Music is an incredibly important factor in making a video game enjoyable, and it’s one that we often overlook. A great soundtrack will make an otherwise middle-of-the-road game more memorable, while a weak soundtrack will drag down even the best games.
What about your own music though? A surprisingly small number of video games let you bring in your own music, which is why we’ve gathered a handful of the best examples here.
1. Beat Hazard 2
The tagline of both the original Beat Hazard and its sequel are “gameplay powered by your music” and it is telling the truth. This is a twin-stick shooter (or keyboard and mouse shooter, if you’re playing without a controller) but the intensity of both your weapons and the enemies are driven by the music.
You might want to start off with a few mellower tracks, because things get hectic quickly. Both games are great, but the “Open Mic” mode in the sequel that pulls in music from streaming services makes this the version to play.
Like Beat Hazard 2, this is a shooter that is driven by the music you give it. Where Sympony differs is that this is a top-down shooter in the vein of Galaga instead of a twin-stick shooter like Beat Hazard 2.
This game recently got a permanent price cut, making it cheaper than ever to try out. If you want to use it with iTunes and m4a files, however, you’ll need to spend a little extra.
3. Audiosurf 2
While Beat Hazard 2 and Sympony take a shooter approach to music-powered gameplay, Audiosurf 2 plays more like a combination of a racing game and an endless runner. As you can imagine, both the track layout and the speed are powered by the music.
No matter what type of music you pick, this isn’t a mellow experience. That said, it’s bound to make you appreciate your music in an entirely new way.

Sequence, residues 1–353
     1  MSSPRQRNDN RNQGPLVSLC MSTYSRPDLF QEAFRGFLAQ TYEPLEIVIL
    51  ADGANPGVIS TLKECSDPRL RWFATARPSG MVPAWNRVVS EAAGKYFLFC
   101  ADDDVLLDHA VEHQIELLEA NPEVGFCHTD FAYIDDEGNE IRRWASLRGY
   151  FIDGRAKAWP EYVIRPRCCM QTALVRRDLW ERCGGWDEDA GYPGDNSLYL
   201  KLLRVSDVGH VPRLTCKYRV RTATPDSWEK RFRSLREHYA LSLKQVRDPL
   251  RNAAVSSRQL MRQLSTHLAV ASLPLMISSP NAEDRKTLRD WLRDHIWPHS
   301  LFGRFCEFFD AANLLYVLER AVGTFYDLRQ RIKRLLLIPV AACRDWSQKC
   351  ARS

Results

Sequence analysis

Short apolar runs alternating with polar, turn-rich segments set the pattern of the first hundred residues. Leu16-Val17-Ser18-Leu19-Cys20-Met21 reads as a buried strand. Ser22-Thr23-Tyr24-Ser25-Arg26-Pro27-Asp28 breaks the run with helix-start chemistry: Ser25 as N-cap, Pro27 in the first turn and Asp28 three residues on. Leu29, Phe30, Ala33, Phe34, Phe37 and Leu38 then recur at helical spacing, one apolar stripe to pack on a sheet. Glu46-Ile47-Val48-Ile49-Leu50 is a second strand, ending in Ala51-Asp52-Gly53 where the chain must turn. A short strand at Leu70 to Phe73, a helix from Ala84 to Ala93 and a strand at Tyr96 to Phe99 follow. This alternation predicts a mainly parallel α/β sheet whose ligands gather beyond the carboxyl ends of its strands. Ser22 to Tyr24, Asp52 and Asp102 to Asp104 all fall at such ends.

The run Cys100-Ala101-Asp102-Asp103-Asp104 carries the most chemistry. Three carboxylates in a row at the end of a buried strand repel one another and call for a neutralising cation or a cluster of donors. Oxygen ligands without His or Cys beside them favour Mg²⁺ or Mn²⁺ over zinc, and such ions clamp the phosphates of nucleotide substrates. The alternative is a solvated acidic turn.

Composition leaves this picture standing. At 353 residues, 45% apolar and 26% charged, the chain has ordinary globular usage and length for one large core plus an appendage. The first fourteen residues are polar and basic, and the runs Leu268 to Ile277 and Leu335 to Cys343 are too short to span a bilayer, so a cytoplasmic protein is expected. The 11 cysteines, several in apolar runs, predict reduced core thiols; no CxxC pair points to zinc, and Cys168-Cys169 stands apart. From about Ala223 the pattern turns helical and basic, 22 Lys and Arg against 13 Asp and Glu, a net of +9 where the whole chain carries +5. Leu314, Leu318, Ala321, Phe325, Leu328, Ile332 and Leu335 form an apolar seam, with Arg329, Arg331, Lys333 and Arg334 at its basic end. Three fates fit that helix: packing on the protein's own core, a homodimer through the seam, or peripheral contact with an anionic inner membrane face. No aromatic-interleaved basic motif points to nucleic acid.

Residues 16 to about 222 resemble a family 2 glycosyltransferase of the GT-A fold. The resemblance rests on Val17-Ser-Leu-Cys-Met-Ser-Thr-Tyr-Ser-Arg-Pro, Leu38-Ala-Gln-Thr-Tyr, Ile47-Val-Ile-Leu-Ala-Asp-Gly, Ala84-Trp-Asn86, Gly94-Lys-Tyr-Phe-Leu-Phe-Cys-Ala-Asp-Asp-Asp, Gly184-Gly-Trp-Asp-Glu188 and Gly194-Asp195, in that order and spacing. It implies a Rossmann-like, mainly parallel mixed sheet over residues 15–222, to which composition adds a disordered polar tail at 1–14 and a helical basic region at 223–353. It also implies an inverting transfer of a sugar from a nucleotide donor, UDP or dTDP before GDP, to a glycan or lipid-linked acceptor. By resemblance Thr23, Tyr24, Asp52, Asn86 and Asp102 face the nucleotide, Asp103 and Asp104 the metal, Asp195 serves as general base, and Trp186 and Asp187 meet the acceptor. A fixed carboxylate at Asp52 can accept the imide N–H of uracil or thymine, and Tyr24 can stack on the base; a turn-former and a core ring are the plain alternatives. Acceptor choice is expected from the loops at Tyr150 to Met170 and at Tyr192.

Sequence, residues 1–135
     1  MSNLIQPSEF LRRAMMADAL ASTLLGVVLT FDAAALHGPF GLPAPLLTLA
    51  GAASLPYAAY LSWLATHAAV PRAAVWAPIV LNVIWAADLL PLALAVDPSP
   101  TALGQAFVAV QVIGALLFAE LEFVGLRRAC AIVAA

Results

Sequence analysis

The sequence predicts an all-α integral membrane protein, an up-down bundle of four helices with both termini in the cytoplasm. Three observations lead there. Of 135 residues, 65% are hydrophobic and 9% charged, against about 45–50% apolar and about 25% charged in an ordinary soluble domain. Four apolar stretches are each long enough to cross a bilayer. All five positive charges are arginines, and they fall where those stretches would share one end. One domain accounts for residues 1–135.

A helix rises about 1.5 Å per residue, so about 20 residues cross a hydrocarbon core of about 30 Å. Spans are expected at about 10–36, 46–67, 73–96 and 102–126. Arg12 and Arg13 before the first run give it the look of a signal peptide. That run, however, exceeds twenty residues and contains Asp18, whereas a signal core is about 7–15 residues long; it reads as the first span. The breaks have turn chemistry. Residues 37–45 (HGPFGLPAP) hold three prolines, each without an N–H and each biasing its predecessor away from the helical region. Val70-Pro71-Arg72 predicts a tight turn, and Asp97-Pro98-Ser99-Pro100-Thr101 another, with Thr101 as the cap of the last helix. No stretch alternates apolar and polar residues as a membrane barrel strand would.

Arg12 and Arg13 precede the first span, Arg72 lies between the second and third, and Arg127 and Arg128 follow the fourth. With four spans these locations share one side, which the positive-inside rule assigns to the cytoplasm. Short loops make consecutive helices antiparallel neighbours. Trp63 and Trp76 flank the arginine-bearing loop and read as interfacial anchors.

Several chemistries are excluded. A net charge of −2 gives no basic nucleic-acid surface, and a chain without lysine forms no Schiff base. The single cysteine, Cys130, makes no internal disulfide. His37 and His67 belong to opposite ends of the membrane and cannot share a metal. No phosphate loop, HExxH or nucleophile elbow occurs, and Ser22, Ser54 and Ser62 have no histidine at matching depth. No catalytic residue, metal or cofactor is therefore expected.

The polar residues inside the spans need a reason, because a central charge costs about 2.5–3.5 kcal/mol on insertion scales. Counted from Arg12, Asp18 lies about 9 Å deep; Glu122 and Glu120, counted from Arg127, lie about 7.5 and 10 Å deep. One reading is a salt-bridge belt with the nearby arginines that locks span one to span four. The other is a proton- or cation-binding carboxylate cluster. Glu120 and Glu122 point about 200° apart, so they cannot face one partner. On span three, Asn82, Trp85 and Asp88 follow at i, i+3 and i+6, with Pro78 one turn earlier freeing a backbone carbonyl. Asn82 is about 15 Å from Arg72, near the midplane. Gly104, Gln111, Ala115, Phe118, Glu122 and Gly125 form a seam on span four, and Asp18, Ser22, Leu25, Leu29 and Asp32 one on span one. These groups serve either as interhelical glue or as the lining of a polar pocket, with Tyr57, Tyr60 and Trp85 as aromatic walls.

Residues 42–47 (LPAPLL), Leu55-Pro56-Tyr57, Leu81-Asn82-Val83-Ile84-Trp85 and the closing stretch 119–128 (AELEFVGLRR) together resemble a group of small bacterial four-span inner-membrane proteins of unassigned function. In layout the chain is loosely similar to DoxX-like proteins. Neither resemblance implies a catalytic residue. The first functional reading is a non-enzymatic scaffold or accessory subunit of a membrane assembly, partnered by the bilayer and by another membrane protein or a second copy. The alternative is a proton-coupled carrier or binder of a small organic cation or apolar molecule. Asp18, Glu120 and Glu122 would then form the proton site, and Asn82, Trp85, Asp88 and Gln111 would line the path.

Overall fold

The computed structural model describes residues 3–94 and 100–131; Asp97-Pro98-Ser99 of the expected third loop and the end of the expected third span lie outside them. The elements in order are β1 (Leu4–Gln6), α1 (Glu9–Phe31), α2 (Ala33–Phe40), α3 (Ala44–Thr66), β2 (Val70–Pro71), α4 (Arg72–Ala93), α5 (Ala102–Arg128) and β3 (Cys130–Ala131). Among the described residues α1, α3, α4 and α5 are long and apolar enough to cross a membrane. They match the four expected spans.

4. Crypt of the NecroDancer
Crypt of the NecroDancer is a great game, albeit one that is largely known for the fantastic job that its composer, Danny Baranowsky did on the soundtrack. And that is rightfully so, as the music in this game is top notch. Something people often forget about is that you can import your own music as well.
Making your way through a dungeon, being sure to attack on the beat to make sure you’re at your best is a fantastic experience no matter what the music. Add in your favorite songs, and it becomes just a bit more personal. That said, be sure to play at least a little bit with the original music, because it’s hard to overstate how well done it is and how well it fits the game.
Non-Rhythm Bonus Game: Dangerous Driving
Modern music—i.e. the kind you’re finding on YouTube—doesn’t make its way into many games, but for a long time one genre has bucked that tradition: the racing game. Okay, skateboarding and similar games have also had that kind of music, but how many of those are there these days?
Dangerous Driving comes from developers formerly behind the Burnout franchise, and plays every bit as well as those old games. The only problem is the soundtrack because, as an indie studio, they couldn’t afford to license awesome songs. The solution? Link your Spotify account and create your own soundtrack to listen to as you race.
This may not sound like much compared to the above games, but tearing around corners while your favorite songs play is a more satisfying experience than you may imagine.
Do You Appreciate a Good Soundtrack?
While it’s great to bring your own music into a game, and better still to play a game that evolves around it, don’t forget the hard work that video game composers put in to make games sound their best. If you’re ever looking for background music while you’re getting some work done, video game soundtracks are an excellent companion.
You’ve probably got some favorite video game soundtracks of your own, but if you need some inspiration, take a look at our roundup of the best indie game soundtracks.
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